Self-Driving Stampede: Why Mobility Startup Prices Keep Going Up
When automotive supplier Delphi forked over approximately $450 million to buy Boston-based software startup NuTonomy last month, it was the latest in a spate of high-dollar acquisitions involving companies that develop self-driving technologies. NuTonomy, founded by MIT researchers, was only four years old and had raised $16 million in a Series A round the previous year.
In 2016, GM reportedly paid nearly a billion dollars to acquire three-year-old Cruise, a producer of after-market kits that can turn existing cars into autonomous vehicles, and two months before that, the automaker spent $35 million to acquire ride-hailing startup Sidecar. Last year, Uber also plunked down $680 million to acquire autonomous truck startup Otto.
Meanwhile, earlier this year, Ford invested $1 billion in ArgoAI, saying the Pittsburgh startup would be in charge of building the brain in its self-driving cars. And in March, Intel paid an eye-watering $15.3 billion to acquire Mobileye, an Israeli computer vision startup. With so much cash flying around, one is tempted to wonder how these small, somewhat untested companies are inspiring such lofty price tags.
Eric Paley, a partner at Boston-area venture capital firm Founder Collective (which invested in Cruise), says the high valuations are an indication that, within the automotive industry, the debate is settled regarding whether self-driving cars are viable and have paradigm-shifting potential.
“I think there is a battle in a very true way for the future of transportation,” Paley says, adding that it’s the first battle of its kind in 100 years. “Autonomous vehicles are going to disrupt the transportation industry in a big way. We can debate the timing, but by and large, everyone agrees that it’s coming.”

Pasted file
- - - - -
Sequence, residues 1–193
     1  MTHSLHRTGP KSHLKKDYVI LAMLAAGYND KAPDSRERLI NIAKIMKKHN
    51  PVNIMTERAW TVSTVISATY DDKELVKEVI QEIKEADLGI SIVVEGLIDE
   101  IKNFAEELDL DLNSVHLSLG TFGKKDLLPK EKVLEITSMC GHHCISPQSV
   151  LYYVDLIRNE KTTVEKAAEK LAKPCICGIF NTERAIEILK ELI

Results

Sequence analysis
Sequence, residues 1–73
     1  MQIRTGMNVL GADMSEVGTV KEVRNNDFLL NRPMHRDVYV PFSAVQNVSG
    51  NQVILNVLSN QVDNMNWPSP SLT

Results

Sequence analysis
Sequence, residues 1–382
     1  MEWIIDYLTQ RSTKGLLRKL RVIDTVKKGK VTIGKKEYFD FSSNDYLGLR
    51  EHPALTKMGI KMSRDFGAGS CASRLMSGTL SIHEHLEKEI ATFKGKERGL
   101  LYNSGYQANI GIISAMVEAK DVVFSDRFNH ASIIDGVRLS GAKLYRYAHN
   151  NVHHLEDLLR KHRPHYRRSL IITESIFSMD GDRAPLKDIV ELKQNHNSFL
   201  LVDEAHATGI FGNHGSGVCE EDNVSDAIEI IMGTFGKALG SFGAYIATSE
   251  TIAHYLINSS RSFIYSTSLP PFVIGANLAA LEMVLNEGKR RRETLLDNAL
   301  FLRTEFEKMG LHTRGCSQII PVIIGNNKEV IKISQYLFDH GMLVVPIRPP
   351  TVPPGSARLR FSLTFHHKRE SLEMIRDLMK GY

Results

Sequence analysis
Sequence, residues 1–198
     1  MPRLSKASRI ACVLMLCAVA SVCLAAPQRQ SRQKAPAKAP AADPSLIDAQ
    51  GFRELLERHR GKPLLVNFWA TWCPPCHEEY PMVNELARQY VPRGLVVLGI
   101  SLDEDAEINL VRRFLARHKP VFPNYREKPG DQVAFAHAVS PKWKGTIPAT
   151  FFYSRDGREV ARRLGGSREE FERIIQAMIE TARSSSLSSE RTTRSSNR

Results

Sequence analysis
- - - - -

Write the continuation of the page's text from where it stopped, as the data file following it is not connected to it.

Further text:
Paley says there are a few factors influencing the current competitive landscape. The cost of researching and developing autonomous technologies is often too expensive for auto manufacturers to do in house—and they generally don’t have the same kind of deep tech expertise that, for example, a nimble Silicon Valley software startup has.
“You can look at the Cruise deal and say it’s insane, but what has GM been spending to advance the technology and where are they versus the market?” he says. “When they realize they’ve spent a fortune and are still behind—that could be catastrophic to their business. One of the justifications for acquisition is if it will get them there faster.”
Another factor: the ambitions of the acquisition target’s founders. “How did Cruise get $1 billion?” Paley asks. “Because the founder already turned down half a billion. [Cruise co-founder] Kyle Vogt already had success [with his previous company Twitch], which made it expensive.”
To get an idea of how some traditional automakers are approaching the autonomous era, Paley points to an article published earlier this month by Bob Lutz, a former GM executive, titled “Kiss the Good Times Goodbye.” In his article, Lutz refers to autonomous vehicles somewhat derisively as “modules” and lays out a scenario where human drivers are legislated off the roads in favor of self-driving fleets owned by the Ubers, Amazons, and Lyfts of the world.
Lutz predicts that with performance and style no longer relevant for fleet modules, … Next Page »